Burlington--A national immunization education program will help provide vaccine information and outreach to rural or medically underserved populations, including migrant and seasonal agricultural workers in Vermont.

The Extension Foundation, in cooperation with the Extension Committee on Organization and Policy (ECOP), recently awarded $224,178 to University of Vermont (UVM) Extension. The funding, provided through its Extension Collaborative on Immunization Teaching and Engagement (EXCITE) immunization education program, will be used to enhance vaccine education efforts and address vaccine hesitancy among the agricultural community with emphasis on farmworkers in Bennington, Caledonia, Essex, Franklin, Orleans, Windham and Windsor Counties.

Through the EXCITE program, 72 land-grant institutions, representing all regions of the U.S., received funding to develop a Vaccinate with Confidence communications campaign. UVM, along with 23 other recipients, was awarded additional funding for adult immunization education pilot projects.

The projects will be led by Naomi Wolcott-MacCausland, migrant health coordinator for UVM Extension's Bridges to Health program, and Sarah Kleinman, director of 4-H and UVM Extension family and farmworker education programs, along with a team of Extension colleagues. Partners include the Vermont Department of Health, UVM College of Nursing and Health Sciences, the Robert Larner College of Medicine and the UVM Medical Center.

"The Vermont farm labor force is generally comprised of Latino migrant farmworkers, Jamaican short-term contracted workers and white, non-Latino domestic workers, both paid workers and unpaid farm owners and family members," notes Wolcott-MacCausland. "Latino and Jamaican farmworkers in particular face unique and significant barriers, concerns and hesitancies related to accessing health care services inclusive of recommended adult immunizations."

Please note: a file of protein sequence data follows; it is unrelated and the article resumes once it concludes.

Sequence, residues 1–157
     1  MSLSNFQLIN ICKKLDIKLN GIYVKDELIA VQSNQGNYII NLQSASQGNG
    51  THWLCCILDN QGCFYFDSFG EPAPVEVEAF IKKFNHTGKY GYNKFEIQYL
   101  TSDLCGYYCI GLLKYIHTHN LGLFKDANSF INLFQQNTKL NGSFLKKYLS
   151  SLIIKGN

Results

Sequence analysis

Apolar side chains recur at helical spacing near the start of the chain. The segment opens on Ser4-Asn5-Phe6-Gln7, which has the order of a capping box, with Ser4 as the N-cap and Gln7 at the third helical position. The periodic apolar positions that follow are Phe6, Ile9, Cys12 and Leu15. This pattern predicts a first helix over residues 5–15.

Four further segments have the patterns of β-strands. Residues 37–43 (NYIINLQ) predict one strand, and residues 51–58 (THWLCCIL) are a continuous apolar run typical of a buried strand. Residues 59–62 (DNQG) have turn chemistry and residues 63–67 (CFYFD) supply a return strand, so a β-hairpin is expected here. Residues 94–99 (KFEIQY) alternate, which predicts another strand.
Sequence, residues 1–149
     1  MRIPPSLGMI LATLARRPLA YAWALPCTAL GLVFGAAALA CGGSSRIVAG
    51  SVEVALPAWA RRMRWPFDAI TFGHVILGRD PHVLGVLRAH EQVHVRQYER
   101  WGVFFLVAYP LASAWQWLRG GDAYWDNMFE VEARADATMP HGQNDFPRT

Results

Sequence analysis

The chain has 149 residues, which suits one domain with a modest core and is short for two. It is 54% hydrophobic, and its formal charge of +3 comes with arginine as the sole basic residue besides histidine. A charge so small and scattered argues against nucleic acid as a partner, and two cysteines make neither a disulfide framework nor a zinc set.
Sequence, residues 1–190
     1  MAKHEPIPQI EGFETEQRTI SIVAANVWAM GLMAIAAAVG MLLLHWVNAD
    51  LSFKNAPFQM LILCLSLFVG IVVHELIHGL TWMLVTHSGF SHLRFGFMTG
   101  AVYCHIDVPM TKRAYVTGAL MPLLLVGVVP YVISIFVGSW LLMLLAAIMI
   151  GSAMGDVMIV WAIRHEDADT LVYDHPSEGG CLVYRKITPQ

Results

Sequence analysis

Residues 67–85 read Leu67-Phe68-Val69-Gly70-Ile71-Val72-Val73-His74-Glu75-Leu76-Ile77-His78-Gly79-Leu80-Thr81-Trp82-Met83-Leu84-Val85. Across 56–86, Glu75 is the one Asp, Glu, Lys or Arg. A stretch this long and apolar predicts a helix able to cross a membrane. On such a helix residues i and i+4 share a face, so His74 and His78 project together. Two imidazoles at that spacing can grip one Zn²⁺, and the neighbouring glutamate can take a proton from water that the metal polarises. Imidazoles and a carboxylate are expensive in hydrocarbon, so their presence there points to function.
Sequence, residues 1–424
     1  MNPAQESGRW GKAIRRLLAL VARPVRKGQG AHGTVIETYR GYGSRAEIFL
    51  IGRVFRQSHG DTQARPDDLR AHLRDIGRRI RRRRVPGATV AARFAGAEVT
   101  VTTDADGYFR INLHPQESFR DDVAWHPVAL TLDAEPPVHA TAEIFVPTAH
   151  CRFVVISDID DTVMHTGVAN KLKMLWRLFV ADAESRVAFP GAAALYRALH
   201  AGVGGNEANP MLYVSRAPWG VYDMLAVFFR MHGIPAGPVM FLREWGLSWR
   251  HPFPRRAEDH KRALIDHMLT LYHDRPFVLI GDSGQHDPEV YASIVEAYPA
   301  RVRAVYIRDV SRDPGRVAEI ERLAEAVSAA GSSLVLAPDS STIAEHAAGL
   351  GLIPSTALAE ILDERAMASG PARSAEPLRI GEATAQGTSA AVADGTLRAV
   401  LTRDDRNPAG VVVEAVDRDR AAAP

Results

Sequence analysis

Among these are cultural and geographic isolation, lack of transportation, concerns over cost of services and missed work time, limited exposure to the U.S. medical system and inflexible work schedules, making it difficult to go to medical appointments. These workers often lack access to, or have limited use of, email so navigating online health registration systems can be a challenge.  Latino workers living in communities along the Canadian border also fear risk of deportation or detention when leaving the farm.

The EXCITE funding will enable UVM Extension to launch an educational campaign in Spanish and English to share information and resources on COVID-19 and other adult immunizations and related health benefits. WhatsApp, a web-based messaging tool and primary communication method for the target population, will be used to help farmworkers access health care resources and referrals. 

"We will build upon a current partnership with the Vermont Department of Health and Larner College of Medicine, offering on-farm health clinics where community health workers will engage one-on-one with farmworkers to support adult immunizations and address vaccine hesitancy," Wolcott-MacCausland says. "Supporting on-farm vaccination clinics has been shown to significantly reduce barriers to access for migrant and seasonal workers who live on-farm, work long hours and often do not have mobility to leave the farm and seek care."

To learn more, contact Naomi Wolcott-MacCausland at nwolcott@uvm.edu or Sarah Kleinman at sarah.kleinman@uvm.edu.


Naomi Wolcott-MacCausland, Sarah Kleinman